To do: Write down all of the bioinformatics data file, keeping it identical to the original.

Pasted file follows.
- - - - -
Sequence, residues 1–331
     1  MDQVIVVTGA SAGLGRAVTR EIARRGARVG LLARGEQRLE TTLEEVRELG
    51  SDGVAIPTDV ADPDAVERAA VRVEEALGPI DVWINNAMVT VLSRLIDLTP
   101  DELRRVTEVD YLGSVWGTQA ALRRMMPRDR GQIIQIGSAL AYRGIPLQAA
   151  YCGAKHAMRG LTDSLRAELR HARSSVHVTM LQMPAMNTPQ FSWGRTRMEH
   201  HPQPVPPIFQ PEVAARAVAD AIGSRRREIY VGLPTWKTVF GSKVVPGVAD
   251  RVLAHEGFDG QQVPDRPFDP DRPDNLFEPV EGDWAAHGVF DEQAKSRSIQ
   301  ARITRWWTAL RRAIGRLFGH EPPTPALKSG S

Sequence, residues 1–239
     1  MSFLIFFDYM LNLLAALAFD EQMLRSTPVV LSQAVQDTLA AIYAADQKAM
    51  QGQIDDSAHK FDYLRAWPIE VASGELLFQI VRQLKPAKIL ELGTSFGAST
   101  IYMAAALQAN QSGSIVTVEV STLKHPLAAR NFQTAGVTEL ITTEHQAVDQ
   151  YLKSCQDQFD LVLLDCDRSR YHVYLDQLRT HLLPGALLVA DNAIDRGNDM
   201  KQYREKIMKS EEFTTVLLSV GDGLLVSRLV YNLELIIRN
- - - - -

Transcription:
Sequence, residues 1–331
     1  MDQVIVVTGA SAGLGRAVTR EIARRGARVG LLARGEQRLE TTLEEVRELG
    51  SDGVAIPTDV ADPDAVERAA VRVEEALGPI DVWINNAMVT VLSRLIDLTP
   101  DELRRVTEVD YLGSVWGTQA ALRRMMPRDR GQIIQIGSAL AYRGIPLQAA
   151  YCGAKHAMRG LTDSLRAELR HARSSVHVTM LQMPAMNTPQ FSWGRTRMEH
   201  HPQPVPPIFQ PEVAARAVAD AIGSRRREIY VGLPTWKTVF GSKVVPGVAD
   251  RVLAHEGFDG QQVPDRPFDP DRPDNLFEPV EGDWAAHGVF DEQAKSRSIQ
   301  ARITRWWTAL RRAIGRLFGH EPPTPALKSG S

Sequence, residues 1–239
     1  MSFLIFFDYM LNLLAALAFD EQMLRSTPVV LSQAVQDTLA AIYAADQKAM
    51  QGQIDDSAHK FDYLRAWPIE VASGELLFQI VRQLKPAKIL ELGTSFGAST
   101  IYMAAALQAN QSGSIVTVEV STLKHPLAAR NFQTAGVTEL ITTEHQAVDQ
   151  YLKSCQDQFD LVLLDCDRSR YHVYLDQLRT HLLPGALLVA DNAIDRGNDM
   201  KQYREKIMKS EEFTTVLLSV GDGLLVSRLV YNLELIIRN